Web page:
Managing HomeKit with Apple’s Home App


Published On: , by NewAdMacSoft

When the procedure of the smart home framework establishing is over and not any sensor housing or mechanical tuning works are left, your smart house needs the proper control tools. Direct organization of the in-house complex of smart appliances is realized by means of Apple’s HomeKit framework, which in turn needs a controlling software. In this context, Apple’s new Home app is a remarkable step towards the further integration of the company’s applications. The program represents Apple’s own tool intended to become the principal means of interaction with the smart home framework.

An App to Keep Your HomeKit

When Apple released its software framework HomeKit in 2014, the only way to manage it without a third-party control was via the Siri smart assistant.

The predecessor of Apple’s current Home with the same name still remains the only app that supports all HomeKit features and is used in parallel with the Apple’s new product. The designers of that first Home made it close to the Settings app (clean layout and easy toggles).

On the contrary, Apple’s Home (launched with iOS 10 in 2016) features a different approach than its third-party namesake and rather resembles the iOS 11 Control Center. Its tiles distinguish long touch and deep press, which are the means to reveal hidden menus and controls. However, this smart functionality is not very intuitive, which makes it somewhat difficult for new users to master the application.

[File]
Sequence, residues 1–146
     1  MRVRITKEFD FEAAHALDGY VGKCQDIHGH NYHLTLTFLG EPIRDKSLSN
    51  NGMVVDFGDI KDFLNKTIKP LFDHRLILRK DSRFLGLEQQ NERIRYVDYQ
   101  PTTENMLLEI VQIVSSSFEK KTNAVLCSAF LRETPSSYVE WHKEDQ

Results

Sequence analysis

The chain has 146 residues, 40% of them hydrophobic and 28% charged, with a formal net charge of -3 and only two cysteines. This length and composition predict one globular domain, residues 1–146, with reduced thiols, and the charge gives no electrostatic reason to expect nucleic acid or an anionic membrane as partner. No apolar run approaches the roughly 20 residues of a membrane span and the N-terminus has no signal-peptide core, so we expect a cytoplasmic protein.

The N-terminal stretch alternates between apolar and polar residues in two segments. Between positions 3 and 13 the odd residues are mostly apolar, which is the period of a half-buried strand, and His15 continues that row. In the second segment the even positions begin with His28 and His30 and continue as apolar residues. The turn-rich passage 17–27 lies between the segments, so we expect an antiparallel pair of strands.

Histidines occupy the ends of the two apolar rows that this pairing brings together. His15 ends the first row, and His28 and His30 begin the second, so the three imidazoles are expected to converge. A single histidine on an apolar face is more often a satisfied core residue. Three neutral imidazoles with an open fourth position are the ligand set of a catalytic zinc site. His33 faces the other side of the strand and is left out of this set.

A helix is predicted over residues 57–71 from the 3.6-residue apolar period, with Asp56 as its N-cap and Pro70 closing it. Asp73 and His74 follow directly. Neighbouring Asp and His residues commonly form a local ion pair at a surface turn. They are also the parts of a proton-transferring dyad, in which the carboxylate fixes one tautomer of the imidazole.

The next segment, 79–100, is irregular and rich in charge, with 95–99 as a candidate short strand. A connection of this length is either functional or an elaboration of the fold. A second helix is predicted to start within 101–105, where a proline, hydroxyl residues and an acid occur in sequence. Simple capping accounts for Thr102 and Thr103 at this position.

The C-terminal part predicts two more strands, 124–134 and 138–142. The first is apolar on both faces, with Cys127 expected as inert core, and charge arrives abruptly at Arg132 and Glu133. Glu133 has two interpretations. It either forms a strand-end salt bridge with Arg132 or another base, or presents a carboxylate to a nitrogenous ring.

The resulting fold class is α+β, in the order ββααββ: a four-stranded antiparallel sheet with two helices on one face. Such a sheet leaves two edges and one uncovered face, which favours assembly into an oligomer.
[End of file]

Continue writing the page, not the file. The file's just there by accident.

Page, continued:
Another difference between the two Homes lies in managing device compatibility, as the third-party Home needs iOS 11, even not all iPhones are compatible with it. Unlike iPhone X and other newer iPhones supported by iOS 11, a few older models such as the 32-bit iPhone 5 and iPhone 5C are incompatible with that Home because they lack iOS 11 support.

In the present article, we offer you a basic guide to get acquainted with the main principles of using Apple’s Home app.

The Apple’s Home: the Principal Elements

Let’s start with the very basic things. The app has three main modules or sections, which are Home, Rooms, and Automation.

The Home tab includes the following functions:

  • Home app settings (hidden under sophisticated location icon)
  • Editto arrange scene and accessory tiles
  • +to add new scenes and HomeKit accessories
  • The name of your current Home
  • A status summary of active and non-active accessories
  • Favorite Scenes
  • Favorite Accessories
  • Favorite Cameras

Via the location icon on the top left corner, you can move to the settings screen to rename your Home, see active and non-active Home hubs, modify access to Home setup, manage access to HomeKit speaker and monitor its updates, play with the Home tab wallpaper, enter notes for the shared users, and delete your Home configuration.

You can even add new Homes in the same section (for example, for your vacation home or for a family member). That is probably the reason why Home app uses an unusual current location icon to conceal the settings.

With the multiple Homes created, HomeKit automatically switches to the current Home using its location data. Alternatively, you can toggle Homes in a manual way.

Toggling Home locations is essential, so Siri can know which smart appliance to manage. And switching locations affects the configuration of appliances that you see in the Home app and on the Control Center.